Army ROTC at
David Herchick and John Richards, two Golden Eagle Battalion cadets from Kent State University’s Army ROTC program, were recently commissioned as second lieutenants during a ceremony that took place in the Governance Chambers at the Kent Student Center on Dec. 13, 2013. The commissioning ceremony marked a major step in the army career of both Herchick and Richards who will be moving on to serve in the National Guard.
“It feels great to complete a program that does such an excellent job of producing officers in the United States Army,” Herchick said. “Now being commissioned, I am anxious to take these new skill sets and put them to test at my new assignment.”
“I am extremely excited to start my career as an Army Transportation officer, and I’m honored to be able to serve my country with some of the best men and women in the world,” Richards said.
Joe Paydock, a retired lieutenant colonel, served as speaker at the event and encouraged the newly commissioned officers to never make the same mistake twice as a way to stay on the right track in their military career. In attendance at the ceremony were families of the newly commissioned officers, cadets, cadre and staff of the Golden Eagle Battalion.
Tradition and Leadership
In military tradition, the newly commissioned officers rendered their first salute to a noncommissioned officer at the ceremony and in return, received a silver dollar from the noncommissioned officer as a symbol of gratitude.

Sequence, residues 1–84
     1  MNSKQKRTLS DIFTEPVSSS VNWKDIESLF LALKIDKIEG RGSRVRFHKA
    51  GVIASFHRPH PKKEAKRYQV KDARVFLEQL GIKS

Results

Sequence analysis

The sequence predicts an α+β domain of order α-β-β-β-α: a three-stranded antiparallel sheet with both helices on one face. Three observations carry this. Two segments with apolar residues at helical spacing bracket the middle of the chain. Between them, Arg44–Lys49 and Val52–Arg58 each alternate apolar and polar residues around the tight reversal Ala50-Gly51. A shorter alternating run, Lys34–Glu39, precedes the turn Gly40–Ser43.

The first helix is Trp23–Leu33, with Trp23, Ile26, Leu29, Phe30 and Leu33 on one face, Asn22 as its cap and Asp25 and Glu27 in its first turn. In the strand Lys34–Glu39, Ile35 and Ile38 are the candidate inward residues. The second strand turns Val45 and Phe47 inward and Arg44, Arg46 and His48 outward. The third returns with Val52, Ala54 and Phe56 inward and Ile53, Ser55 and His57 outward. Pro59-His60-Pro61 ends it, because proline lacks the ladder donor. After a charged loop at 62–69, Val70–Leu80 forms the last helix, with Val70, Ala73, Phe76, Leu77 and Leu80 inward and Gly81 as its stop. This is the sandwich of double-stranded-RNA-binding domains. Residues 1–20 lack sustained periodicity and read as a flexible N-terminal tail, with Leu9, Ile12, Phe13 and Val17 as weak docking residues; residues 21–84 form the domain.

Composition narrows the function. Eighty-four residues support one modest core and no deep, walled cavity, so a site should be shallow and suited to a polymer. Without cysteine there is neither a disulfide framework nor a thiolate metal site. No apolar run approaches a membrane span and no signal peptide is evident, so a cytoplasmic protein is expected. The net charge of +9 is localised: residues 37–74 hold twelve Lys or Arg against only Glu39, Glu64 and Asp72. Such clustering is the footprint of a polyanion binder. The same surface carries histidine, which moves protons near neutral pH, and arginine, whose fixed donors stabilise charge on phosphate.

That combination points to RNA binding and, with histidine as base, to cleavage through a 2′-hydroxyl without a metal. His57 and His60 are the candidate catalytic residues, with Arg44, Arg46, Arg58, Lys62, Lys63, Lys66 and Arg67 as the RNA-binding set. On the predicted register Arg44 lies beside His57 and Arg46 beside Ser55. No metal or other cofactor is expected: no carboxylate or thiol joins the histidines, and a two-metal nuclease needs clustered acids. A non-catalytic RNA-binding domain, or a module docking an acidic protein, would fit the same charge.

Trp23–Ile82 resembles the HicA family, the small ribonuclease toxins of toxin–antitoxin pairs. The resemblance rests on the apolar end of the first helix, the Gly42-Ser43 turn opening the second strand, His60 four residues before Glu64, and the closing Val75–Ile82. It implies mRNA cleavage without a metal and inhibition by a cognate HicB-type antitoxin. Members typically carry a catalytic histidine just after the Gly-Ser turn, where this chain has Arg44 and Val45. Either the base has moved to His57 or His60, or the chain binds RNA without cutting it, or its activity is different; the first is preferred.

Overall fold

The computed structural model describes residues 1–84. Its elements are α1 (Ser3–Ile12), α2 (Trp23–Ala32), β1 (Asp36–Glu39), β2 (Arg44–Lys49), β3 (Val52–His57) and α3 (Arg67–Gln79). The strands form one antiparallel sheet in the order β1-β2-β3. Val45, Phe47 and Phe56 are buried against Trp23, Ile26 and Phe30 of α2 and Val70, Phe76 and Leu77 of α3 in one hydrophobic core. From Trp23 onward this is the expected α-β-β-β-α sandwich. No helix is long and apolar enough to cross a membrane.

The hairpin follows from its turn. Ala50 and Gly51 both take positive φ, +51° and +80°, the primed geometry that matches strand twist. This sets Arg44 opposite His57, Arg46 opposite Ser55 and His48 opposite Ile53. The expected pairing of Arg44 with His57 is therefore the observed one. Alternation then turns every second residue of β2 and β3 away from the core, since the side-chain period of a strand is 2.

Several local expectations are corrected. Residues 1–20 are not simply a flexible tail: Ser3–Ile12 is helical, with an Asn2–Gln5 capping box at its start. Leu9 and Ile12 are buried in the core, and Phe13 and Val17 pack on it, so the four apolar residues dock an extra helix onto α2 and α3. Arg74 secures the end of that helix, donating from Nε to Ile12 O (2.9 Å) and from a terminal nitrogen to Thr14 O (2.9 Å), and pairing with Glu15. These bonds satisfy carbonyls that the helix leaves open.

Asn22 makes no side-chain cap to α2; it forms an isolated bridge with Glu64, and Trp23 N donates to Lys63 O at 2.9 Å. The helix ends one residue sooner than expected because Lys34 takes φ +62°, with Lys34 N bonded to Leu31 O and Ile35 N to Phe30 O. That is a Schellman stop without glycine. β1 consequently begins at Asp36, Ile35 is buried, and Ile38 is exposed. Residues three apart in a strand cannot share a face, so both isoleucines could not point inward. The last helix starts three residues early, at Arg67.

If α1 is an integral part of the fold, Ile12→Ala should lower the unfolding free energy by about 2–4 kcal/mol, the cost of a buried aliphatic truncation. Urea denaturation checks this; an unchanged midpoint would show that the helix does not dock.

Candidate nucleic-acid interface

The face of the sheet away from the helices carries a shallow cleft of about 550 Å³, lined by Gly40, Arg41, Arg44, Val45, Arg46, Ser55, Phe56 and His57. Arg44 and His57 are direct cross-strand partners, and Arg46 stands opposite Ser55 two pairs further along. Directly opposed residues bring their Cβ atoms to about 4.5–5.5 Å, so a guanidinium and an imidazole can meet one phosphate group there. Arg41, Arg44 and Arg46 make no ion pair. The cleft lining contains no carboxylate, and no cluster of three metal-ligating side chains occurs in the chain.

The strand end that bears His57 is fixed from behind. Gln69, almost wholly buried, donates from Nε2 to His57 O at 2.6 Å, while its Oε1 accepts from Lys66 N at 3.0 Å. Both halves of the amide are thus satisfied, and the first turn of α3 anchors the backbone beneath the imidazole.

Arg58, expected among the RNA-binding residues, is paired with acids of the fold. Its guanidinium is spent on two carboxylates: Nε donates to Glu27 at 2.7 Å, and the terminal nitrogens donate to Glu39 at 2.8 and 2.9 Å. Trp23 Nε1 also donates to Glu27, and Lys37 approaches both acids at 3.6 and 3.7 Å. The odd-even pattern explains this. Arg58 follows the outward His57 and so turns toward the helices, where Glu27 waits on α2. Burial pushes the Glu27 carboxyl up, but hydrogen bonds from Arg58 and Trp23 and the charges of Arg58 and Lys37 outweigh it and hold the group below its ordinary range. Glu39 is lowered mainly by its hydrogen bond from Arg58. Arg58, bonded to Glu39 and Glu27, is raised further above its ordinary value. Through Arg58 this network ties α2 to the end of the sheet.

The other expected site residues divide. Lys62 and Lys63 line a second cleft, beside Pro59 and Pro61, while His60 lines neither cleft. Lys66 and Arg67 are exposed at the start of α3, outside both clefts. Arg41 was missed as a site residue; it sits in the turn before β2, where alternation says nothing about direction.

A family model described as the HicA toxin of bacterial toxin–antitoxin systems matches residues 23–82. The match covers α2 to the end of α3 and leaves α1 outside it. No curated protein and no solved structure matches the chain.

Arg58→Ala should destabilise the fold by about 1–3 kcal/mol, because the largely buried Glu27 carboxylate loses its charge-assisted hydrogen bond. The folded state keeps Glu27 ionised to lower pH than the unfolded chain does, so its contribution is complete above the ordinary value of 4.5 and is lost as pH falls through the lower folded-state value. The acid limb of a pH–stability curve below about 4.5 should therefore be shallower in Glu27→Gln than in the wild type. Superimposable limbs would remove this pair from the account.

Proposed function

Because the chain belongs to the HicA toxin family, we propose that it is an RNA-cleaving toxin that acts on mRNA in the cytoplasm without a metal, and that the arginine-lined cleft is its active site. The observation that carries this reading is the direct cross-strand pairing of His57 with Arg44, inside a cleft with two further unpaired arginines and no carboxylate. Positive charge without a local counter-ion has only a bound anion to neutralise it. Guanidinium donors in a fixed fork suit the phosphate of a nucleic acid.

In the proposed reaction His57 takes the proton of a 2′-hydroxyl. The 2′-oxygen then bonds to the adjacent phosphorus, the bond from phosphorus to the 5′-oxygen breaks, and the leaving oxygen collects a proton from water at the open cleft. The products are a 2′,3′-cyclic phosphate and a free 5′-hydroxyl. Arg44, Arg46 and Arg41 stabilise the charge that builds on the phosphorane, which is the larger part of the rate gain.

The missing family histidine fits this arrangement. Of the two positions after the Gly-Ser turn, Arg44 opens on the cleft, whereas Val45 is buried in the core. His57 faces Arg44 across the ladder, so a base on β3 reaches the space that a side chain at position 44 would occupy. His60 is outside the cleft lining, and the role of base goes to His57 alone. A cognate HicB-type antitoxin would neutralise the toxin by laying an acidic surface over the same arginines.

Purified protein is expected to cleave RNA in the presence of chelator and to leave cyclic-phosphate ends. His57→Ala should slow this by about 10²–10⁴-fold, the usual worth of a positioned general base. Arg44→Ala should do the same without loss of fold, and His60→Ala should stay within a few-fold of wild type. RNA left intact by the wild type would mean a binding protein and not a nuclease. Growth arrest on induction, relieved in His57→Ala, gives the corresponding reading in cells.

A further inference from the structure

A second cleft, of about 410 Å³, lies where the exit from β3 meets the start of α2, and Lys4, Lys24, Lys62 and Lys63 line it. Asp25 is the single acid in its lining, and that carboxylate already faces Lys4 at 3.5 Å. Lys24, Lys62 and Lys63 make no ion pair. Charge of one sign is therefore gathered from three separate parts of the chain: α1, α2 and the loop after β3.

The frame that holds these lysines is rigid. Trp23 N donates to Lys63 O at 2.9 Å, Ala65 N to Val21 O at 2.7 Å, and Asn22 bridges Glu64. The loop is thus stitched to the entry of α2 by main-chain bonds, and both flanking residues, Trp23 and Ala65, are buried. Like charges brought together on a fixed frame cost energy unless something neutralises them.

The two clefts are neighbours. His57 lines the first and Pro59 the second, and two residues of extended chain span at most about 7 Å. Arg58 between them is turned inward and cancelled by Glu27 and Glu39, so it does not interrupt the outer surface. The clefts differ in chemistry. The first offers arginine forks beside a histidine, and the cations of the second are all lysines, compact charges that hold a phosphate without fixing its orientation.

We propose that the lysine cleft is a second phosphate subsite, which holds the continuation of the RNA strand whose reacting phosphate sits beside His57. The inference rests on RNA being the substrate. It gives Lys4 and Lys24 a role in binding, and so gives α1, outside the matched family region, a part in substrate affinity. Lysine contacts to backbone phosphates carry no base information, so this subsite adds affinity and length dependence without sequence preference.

“These two officers are the first two cadets to commission from year group 14, and they are great examples of the quality leaders the ROTC program produces,” said Lt. Col. Mark Piccone, professor of military science with the Army ROTC at Kent State. “Out of 16 officers who will commission in year group 14, we had two finish in the top 10 percent of cadets nationwide and 15 finish with a GPA above 3.0; seven actually had a GPA above 3.5.”
Discipline, Drive and Determination
Piccone described the year group 14 class as one of the best he has had the honor to commission since he began serving as head of the ROTC department at Kent State in 2011.
“Every one of them has excelled in the ROTC program, which takes discipline, drive and a lot of determination, while attending a great university and completing the requirements to graduate with the bachelor’s degree,” Piccone said. “This accomplishment isn’t something that just anyone can do. Many students attend the freshman- and sophomore-level ROTC classes and realize that ROTC isn’t for them or that the workload is too difficult. This outstanding group of cadets found the drive and had the desire to stick with the program, and they are great young leaders because of it.”
Herchick and Richards will complete their Basic Officer’s Leadership Course, following which they will be posted to their respective units; Herchick in military intelligence and Richards in transportation.
Since inception in 1947, the Army ROTC Program at Kent State has commissioned more than 1,200 second lieutenants into the U.S. Army.
For more information about the Army ROTC program at Kent State, visit www.kent.edu/armyrotc.